I typically have uber-high praise for Steve Englehart, but I really don’t know what he (and later Byrne) was trying to convey with in WCA Hank’s brief fling (with Tigra), his stepping back into costumes later on, etc. I did praise Steve for Hank and Janet having adult dialogue about what happened, and thus working through forgiveness (it was some WCA issue, don’t recall which..), but they finally reconciled past the old hurts.

Ironically, I was just reading Avengers 68 last night and was cherishing the times in Avengers history when Hank as YJ chaired and led the team. Those were really great Hank issues, so instead of today’s writing focusing on the tribulations, I’d prefer to focus on Hank’s leadership high points. There were more issues like that than ones in the bad years.

I just wish Marvel writers today would take a peek back as well, but I have so little faith or interest in what I see today.

Dougie said...

I still recall the Shooter Yellowjacket storyline as upsetting and depressing. I think Englehart, over two years or thereabout, really solved Hank's problems elegantly and tastefully (although the Dr. Who costume was very silly.) The Scientific Adventurer acquitted himself well and could have retired with Maria at that point. But then, IIRC, he was brought back as Giant-Man by Bob Harras and Kurt Busiek took Pym back down the route of multiple identities and instability again.
I don't like the majority of Millar's sensationalist ideas and his bi-polar Hank has tainted Bendis's subsequent version. I had suspected the only way to redeem Hank nowadays would be by avenging Jan's death so the Wasp identity made sense to me. The Scientist Supreme role-recalling Yandroth- was also logical. But now editorial has decided they want Giant-Man once again. It's all very wearisome.

Andy said...

On the bright side, I think the portrayal of Hank on the Avengers: Earth's Mightiest Heroes cartoon has been quite good. He's a likable character and the show allows him to use his powers in interesting ways.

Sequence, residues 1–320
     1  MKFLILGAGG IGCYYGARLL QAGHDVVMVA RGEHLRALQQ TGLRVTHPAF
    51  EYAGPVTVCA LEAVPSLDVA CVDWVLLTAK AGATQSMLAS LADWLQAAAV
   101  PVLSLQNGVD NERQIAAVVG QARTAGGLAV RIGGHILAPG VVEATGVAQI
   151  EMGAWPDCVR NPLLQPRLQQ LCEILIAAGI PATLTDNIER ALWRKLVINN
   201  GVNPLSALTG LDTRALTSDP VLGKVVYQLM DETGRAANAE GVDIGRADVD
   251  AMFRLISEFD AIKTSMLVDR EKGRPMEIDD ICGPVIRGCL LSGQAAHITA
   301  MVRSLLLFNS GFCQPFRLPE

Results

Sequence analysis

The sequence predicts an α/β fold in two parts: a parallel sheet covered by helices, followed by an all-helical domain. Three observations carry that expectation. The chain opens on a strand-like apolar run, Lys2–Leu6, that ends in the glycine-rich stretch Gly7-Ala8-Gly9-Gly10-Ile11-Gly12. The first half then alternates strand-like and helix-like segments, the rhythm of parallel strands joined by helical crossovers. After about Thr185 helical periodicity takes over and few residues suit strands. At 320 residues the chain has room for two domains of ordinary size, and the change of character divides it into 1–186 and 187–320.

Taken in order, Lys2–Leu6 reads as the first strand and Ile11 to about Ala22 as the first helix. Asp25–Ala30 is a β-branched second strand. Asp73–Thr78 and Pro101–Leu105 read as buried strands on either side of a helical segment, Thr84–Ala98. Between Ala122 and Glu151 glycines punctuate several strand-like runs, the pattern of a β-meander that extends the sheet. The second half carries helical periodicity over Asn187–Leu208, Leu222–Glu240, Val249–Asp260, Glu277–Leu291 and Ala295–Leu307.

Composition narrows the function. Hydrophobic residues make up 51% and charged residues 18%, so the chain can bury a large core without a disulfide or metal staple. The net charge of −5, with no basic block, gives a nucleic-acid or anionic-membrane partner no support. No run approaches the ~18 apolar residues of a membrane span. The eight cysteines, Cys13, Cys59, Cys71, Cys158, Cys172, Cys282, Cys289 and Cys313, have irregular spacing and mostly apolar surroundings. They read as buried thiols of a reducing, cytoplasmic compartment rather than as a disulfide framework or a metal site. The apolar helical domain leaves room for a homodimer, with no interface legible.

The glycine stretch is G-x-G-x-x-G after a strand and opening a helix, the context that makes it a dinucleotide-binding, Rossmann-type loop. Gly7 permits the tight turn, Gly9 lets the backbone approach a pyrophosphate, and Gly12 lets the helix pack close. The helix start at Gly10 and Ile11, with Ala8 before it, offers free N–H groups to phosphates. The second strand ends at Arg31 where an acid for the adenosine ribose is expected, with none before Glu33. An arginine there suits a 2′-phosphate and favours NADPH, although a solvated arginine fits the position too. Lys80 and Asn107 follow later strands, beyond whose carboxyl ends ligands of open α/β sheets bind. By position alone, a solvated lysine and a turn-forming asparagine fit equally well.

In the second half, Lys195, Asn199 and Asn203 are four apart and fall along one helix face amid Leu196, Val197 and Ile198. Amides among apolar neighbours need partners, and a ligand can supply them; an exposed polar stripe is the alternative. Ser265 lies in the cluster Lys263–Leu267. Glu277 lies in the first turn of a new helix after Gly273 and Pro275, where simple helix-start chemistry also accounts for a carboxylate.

Inkstained Wretch said...

Hank Pyn had the misfortune of being the only early member of the team, aside from the Wasp, who couldn't carry his own title. He lost Tales to Astonish to Hulk, while Captain America, Iron Man and Thor could each carry their own solo series. From then on Pym appeared only in the Avengers, when he appeared at all.

That explains the number of different indenties he went through in the Silver and Bronze Age: He was one of the few members that creators could mess with because he wasn't being used by anybody else. So they did.

The same sort of thing happened to Hawkeye (who literally took on Pym's identity for a while) and Quicksilver (who, in a bizarre late-80s annual, betrayed the team).

The lesson here is pretty clear: If you're going to be in a team comic, your best protection is to also have a solo series.

david_b said...

Doug, all.. To commemorate this wonderful review of Dr. Henry Pym, allow me to treat you all to my Famous Covers custom Yellowjacket I made about 5yrs ago..:

Some of his original insignia fell off, but I made him using the Sam Wilson/Falcon head (to honor Sal Buscema's rendition in Defenders 23), but I never got around to painting his face paler, so I just think of Hank having a really nice tan. Enjoy.

Thanks Doug for your insight and analysis.

Dougie said...

One of the triggers for Quicksilver's breakdown was his(alleged) sense of alienation as a mutant among the Inhumans. The other was Crystal's affair with an insurance salesman (That was the really bizarre part). As I recall, Maximus got the blame for manipulating Pietro's psyche. However, he made most sense to me in YJ's role as the hero who went to the bad.
In any case, he continued to vacillate between pompous windbag and freaked-out psycho throughout the Nineties and Noughties, despite having had his own series. Poor Quicky. Where is he in the Bendisverse?

Karen said...

When I interviewed Englehart for my Ultron article a couple of years ago, we briefly discussed what had become of Pym. He said he had pitched an idea for a mini-series, I believe in the early 2000s, called "A-Man" that would feature Pym and return him to being a top tier character. But of course this was rejected by Marvel, who seem hell-bent on making the character into everyone's whipping boy.


Doug said...

david_b --

That Yellowjacket is VERY cool!